Clear-cuts and old-growth forests are part of the view of Indian Valley on Prince of Wales Island. The Forest Service just announced three more timber sales in the Island's Big Thorne area.

Clearcuts and old-growth forests are part of the view on Prince of Wales Island. (Nick Bonzey, Flick Creative Commons)

The federal government has agreed to pay $210,000 in legal fees to Alaska environmentalists that last year sued to halt a massive timber sale on the Tongass National Forest.

A coalition of eight conservation groups — including the Juneau-based Southeast Alaska Conservation Council — took the U.S. Forest Service to court in 2019 over its controversial plan to clear cut about 23,000 acres of old growth forest on Prince of Wales Island.

Industry groups and the federal agency argued that the project was key to keeping Southeast’s last mills running over the next decade.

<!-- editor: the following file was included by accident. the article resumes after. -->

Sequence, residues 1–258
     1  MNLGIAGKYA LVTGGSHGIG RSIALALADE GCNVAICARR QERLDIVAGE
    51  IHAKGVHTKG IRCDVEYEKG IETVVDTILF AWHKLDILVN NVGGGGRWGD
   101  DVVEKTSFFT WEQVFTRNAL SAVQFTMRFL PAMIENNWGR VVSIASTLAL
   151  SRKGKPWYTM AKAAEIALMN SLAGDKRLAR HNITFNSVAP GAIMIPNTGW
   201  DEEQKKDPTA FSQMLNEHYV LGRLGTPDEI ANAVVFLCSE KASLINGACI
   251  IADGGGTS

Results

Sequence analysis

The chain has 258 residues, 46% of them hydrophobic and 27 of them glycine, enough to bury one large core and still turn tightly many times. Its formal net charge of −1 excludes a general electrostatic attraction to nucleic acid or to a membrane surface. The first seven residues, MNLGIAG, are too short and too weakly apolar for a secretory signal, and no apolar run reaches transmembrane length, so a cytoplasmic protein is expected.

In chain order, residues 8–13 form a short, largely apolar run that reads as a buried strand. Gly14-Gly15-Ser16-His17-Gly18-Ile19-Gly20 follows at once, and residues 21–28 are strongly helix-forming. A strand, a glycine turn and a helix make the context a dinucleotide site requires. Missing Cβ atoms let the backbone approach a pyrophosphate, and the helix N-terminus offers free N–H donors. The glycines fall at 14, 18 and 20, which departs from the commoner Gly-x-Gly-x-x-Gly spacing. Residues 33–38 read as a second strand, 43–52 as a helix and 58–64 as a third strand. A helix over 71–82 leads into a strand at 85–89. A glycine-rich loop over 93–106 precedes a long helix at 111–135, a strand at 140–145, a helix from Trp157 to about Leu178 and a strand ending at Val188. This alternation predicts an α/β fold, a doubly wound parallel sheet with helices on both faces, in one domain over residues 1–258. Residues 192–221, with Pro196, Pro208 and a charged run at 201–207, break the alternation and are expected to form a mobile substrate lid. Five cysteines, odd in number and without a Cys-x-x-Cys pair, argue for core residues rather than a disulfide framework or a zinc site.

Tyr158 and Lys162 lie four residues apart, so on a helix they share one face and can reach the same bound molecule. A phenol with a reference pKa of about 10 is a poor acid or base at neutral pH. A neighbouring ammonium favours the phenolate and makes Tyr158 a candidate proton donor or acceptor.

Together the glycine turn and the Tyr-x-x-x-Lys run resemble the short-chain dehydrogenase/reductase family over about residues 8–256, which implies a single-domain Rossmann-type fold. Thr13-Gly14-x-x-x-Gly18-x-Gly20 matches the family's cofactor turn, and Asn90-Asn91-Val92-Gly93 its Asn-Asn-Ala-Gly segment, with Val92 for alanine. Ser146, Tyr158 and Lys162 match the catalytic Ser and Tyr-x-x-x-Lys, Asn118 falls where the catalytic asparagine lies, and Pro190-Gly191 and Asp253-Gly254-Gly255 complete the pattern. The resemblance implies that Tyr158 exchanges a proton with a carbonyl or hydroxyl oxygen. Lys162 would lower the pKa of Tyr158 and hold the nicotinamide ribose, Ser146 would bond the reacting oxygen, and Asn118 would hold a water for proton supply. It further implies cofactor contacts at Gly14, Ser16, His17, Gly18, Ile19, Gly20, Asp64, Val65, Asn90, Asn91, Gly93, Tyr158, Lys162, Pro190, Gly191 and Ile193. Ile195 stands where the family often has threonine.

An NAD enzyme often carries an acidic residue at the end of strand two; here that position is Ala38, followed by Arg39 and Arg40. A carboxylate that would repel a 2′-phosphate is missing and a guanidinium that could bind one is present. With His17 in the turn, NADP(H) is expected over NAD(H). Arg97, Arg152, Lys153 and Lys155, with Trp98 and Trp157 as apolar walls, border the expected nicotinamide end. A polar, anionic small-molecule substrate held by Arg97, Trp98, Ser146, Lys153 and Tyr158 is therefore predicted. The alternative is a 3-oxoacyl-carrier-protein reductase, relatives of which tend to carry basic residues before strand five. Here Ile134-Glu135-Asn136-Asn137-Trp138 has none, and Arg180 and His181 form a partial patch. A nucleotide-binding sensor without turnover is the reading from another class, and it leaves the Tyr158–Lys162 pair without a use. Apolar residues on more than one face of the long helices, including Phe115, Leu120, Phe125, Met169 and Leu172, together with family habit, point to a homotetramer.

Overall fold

But a federal judge agreed with the plaintiffs who argued that the federal agency didn’t follow the law when it approved the timber sales. That’s because it hadn’t provided site-specific information over areas that could be logged.

The court found that the Prince of Wales Landscape Level Analysis was flawed and ordered the agency to restart its review before bringing the timber to market.

The Department of Justice agreed this week to pay the funds into an account held by Earthjustice’s Alaska office. That’s the environmental law firm that litigated the case. Lead attorney Tom Waldo says the actual costs were about $301,000 in fees and other costs. But the parties settled to avoid bringing the matter back to the judge.

Editor’s Note: This article has been updated to clarify that the plaintiffs in the case are a coalition of state and national conservation groups.